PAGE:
Primer: What’s in a ‘crime kit’
3 min read

Primer: What’s in a ‘crime kit’

Primer: What’s in a ‘crime kit’

When a thief decides to infiltrate a bank, he needs to figure out two things: first, how he will get in, and second, what he will do when he gets in. Will he hold something for ransom? Surreptitiously steal money? Plant listening devices to glean more information?

Computer-based crime kits operate similarly. They’re automated, self-contained tools that cybercriminals of any skill level can deploy to exploit a vulnerability.

When crime kits, which often are hosted on malicious websites or compromised websites, find a vulnerable machine to exploit, they typically download on to them a payload of malware such as ransomware, botnet components, or banking trojans. For this reason, they’re largely known among security researchers as exploit kits or ransomware kits.

“There’s been a tremendous evolution with these kits,” says Brett Hansen, vice president of end-point data security and management at Dell. “This is a natural market economics thing. There’s an opportunity to transfer wealth, and the innovators—or criminals—are coming up with new techniques. What’s consistent, though, is how they operate.”

Crime kits: Born on the dark Web

Crime kits are developed by skilled cybercriminals who have identified a specific software vulnerability, developed a way to exploit it, and marketed the exploit for sale on the dark Web, Hansen says. Although some kits are available for free, others range in cost from a few hundred dollars to hundreds of thousands of dollars worth of bitcoin, adds Andra Zaharia, cybersecurity evangelist at Heimdal Security.

“These attackers want to derive as much value from their work as possible, and this allows them to enable a far larger number of people to perpetuate it,” Hansen says. “Essentially, they provide the tools to help other cybercriminals be successful with their attacks.”

That’s cause for concern, according to Hansen. Because crime kits help unskilled cybercriminals launch effective attacks, they also offer them opportunities to gain experience in cybercrime.

“This model is disturbing not only because it allows cybercriminals to scale, but because it’s great training too,” he says. “If you have thousands of sophisticated attackers, and hundreds of thousands of unskilled ones, what happens when they become more skilled? That’s what’s really worrisome.”

The motivations for developing crime kits vary, says Ted Harrington of Independent Security Evaluators. Sometimes crime kit users just want to make money, but not always. Sometimes they want to make a political statement or just cause mayhem.

Harrington suspects that some large-scale, headline-grabbing cyberattacks are “misdirection intended to obfuscate a more nefarious attack.” In other words, the perpetrator could be targeting one person—a needle in a haystack—but uses a large-scale attack to cover his tracks more easily.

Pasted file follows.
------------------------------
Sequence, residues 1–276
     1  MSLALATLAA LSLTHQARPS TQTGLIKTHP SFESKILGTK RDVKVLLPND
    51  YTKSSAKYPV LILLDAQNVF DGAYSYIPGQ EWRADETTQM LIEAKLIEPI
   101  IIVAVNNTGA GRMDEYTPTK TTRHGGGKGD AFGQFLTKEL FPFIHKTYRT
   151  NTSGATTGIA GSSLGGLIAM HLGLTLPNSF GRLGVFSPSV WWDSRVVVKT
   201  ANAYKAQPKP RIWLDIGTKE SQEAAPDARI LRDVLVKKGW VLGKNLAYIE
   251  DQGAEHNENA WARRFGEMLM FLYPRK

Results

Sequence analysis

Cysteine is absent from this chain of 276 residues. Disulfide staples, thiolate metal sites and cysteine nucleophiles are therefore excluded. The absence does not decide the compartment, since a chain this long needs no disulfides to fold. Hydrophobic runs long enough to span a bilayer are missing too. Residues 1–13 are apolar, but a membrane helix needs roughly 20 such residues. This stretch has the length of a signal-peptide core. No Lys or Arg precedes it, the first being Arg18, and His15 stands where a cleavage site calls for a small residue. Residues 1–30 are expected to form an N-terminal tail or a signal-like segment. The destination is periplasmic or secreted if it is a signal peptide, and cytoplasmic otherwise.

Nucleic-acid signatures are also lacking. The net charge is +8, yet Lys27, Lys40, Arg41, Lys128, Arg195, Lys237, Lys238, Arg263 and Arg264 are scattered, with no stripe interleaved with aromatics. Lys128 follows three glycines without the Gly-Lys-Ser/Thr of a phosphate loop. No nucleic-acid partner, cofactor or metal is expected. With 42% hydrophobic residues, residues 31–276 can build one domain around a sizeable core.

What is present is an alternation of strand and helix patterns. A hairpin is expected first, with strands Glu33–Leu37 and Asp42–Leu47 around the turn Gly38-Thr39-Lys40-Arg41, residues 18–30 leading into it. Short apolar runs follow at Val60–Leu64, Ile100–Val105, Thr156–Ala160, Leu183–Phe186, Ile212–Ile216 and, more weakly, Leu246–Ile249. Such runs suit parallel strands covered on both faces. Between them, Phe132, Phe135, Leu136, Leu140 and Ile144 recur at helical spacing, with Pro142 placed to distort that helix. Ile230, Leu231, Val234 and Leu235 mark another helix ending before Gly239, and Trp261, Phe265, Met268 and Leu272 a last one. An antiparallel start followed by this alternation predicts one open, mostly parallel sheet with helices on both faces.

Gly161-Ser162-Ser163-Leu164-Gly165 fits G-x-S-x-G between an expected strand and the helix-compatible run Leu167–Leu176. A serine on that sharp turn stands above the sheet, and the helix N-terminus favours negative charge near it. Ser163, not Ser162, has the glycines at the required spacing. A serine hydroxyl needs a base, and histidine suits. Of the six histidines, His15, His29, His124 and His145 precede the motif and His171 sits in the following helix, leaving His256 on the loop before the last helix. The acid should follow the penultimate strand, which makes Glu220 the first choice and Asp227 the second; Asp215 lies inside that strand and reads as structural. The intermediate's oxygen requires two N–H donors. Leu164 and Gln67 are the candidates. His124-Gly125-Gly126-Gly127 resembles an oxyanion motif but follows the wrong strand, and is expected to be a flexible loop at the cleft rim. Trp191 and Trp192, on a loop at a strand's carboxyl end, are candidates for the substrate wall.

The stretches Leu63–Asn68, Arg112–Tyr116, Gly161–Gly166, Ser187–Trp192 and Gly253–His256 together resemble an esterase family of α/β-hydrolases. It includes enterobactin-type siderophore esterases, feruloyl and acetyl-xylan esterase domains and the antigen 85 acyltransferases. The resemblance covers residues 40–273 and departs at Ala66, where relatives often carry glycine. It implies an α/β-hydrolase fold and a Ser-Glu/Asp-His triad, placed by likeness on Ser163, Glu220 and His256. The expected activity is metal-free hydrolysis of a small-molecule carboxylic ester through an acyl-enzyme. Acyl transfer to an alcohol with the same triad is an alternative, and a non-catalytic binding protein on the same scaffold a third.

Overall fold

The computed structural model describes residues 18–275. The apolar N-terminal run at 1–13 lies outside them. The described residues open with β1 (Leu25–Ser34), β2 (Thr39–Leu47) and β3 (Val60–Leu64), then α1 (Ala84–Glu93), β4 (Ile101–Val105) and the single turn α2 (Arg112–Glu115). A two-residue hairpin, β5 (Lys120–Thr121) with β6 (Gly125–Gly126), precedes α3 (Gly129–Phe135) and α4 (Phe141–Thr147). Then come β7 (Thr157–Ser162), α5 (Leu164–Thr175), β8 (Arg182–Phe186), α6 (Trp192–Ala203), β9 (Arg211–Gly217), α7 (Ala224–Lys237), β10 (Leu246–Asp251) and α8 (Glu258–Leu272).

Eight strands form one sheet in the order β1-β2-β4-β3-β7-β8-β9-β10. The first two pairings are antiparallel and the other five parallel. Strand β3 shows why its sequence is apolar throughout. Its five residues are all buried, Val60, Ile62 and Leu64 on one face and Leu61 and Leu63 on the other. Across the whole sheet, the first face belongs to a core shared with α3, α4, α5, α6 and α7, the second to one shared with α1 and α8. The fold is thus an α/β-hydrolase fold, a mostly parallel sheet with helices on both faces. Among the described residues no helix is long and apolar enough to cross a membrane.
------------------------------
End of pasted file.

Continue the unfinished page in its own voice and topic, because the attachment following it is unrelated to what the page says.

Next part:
All these factors contribute to why crime kits have become so prevalent, Zaharia says. The low barrier of entry makes creating, buying, and selling crime kits easy; automation enables cybercriminals to target a wide pool of users; and cryptocurrency has given them a way to surreptitiously make and receive payments.

Defending against crime kits

In 2015, a technically complex exploit kit called Angler gained notoriety for its role in spreading ransomware, as well as its links to malvertising and hacktivism campaigns. Although Angler operated like most other exploit kits, focusing on Web-based vulnerabilities in browsers and their plug-ins, it was also adept at introducing new exploits for unpatched vulnerabilities. Its effectiveness signaled inefficiencies in patching practices.

Protecting against the proliferation of crime kits requires a multipronged approach, Zaharia says. Security researchers collaborate on take-down operations that last for months and sometimes years. Working in organized groups, they target the infrastructure of cybercrime circles.

Consumers, meanwhile, can help thwart the spread of crime kits in three ways, Hansen says. The first is education—teaching the public not to click on suspicious links, for example. “Education is good, but it has its limitations. If the attackers are highly motivated, they can make it more difficult to identify a potential exploit,” he says.

Second is ensuring that your software is up-to-date—a big issue for businesses, as evidenced by the recent WannaCry ransomware. It’s a “significant effort” for companies to update hundreds of thousands of devices, he says. There are “a lot of challenges in making sure your end points are updated.”

Third is ensuring that you have antivirus and anti-malware tools installed on your devices. “There are more than 500,000 new malware variants a day, and it’s difficult for the typical tools to respond quickly enough,” Hansen says. “WannaCry was a known malware, but clearly, a lot of people weren’t protected against it. Sometimes, signature antivirus isn’t enough, which is driven in part by the growth of crime kits.”

The key to thwarting crime kits and other flavors of cyberattacks, Zaharia says, is an industry-wide shift from being reactive to proactive.

“This is something that medicine has struggled with: It’s a lot less expensive to prevent than it is to cure,” she says. “We need to shift from reacting to cybercrime to finding better ways to prevent it.”

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